The final part of this exciting trilogy is cross-price elasticity. (See here for estimates of own price and income elasticity.) Here we are looking for how demand for one product, say cars, is influenced by the price of another product, say petrol. The idea is to find a spread of examples from goods that are close substitutes (have cross price elasticity near 1) to strong complements (have an elasticity near -1).
Within the literature there are a lot more examples of substitutes, like cars and public transport, than of complements, like cars and petrol. Indeed, it was a bit of a struggle to find any complements. Here are the examples I converged on:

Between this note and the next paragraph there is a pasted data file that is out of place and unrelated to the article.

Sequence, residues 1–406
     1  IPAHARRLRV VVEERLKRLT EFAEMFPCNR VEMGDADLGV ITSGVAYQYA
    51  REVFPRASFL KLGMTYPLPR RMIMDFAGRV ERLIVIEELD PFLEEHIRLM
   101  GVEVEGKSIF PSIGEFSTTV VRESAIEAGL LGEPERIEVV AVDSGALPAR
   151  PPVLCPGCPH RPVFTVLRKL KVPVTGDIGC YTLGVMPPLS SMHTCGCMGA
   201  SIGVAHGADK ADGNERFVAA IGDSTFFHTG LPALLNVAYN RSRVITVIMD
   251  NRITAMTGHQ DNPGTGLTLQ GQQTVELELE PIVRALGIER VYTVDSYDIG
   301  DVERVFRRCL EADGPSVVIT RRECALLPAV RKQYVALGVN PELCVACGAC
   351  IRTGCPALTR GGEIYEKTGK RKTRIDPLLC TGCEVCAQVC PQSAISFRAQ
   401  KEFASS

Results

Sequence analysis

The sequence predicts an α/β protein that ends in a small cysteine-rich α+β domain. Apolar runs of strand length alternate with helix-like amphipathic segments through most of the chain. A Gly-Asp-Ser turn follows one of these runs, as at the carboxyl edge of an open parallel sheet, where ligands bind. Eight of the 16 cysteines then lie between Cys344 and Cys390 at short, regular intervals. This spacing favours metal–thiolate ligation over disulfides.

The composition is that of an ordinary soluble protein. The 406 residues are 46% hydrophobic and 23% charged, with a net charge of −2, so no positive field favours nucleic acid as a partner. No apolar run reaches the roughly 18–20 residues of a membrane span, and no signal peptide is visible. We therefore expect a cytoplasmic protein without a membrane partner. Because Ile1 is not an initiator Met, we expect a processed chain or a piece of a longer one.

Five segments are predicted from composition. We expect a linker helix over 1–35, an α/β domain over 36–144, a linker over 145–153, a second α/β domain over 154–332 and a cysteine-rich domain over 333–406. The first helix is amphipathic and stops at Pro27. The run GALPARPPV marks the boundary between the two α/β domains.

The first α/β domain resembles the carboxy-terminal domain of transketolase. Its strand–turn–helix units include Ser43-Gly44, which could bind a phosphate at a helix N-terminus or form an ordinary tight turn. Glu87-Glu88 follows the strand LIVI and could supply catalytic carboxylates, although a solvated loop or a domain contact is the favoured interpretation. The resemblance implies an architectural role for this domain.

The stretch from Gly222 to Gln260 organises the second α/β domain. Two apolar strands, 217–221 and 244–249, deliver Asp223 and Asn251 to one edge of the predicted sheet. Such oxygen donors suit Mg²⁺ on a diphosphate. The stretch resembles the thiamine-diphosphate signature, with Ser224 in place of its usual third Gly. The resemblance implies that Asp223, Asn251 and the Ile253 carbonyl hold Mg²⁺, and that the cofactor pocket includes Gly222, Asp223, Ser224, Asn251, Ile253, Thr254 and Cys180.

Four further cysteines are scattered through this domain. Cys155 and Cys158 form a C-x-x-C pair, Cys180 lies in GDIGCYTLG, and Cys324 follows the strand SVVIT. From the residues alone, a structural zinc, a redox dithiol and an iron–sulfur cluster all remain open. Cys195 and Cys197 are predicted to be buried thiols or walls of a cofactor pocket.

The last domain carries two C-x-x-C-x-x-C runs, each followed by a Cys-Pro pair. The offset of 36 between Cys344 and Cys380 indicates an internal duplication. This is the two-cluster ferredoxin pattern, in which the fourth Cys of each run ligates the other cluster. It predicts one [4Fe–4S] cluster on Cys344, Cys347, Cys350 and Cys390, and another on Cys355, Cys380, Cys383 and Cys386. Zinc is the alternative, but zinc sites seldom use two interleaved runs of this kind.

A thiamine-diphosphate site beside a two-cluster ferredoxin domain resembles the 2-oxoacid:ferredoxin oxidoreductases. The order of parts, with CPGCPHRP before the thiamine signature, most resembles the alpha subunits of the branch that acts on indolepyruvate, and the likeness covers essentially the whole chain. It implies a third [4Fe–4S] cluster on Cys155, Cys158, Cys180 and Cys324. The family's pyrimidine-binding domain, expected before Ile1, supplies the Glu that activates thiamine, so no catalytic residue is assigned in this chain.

The book versus culture number is taken from the study by Ringstad and Loyland. The numbers for organic food are taken from the report by Bunte and co-authors on Dutch data. Those for alcohol are from a UK a study by Meng and co-authors.
For numbers of public transport in the UK there is a study by Paulley and co-authors.
The cocaine number is taken from the study by Petry. That brings us on to food. I was expecting to easily find numbers for food, and get some examples of complements. But my impression is that things have not really moved on much since the work of Angus Deaton in the 1980s. So, why not stick with those numbers, these taken from a study using Indonesian data.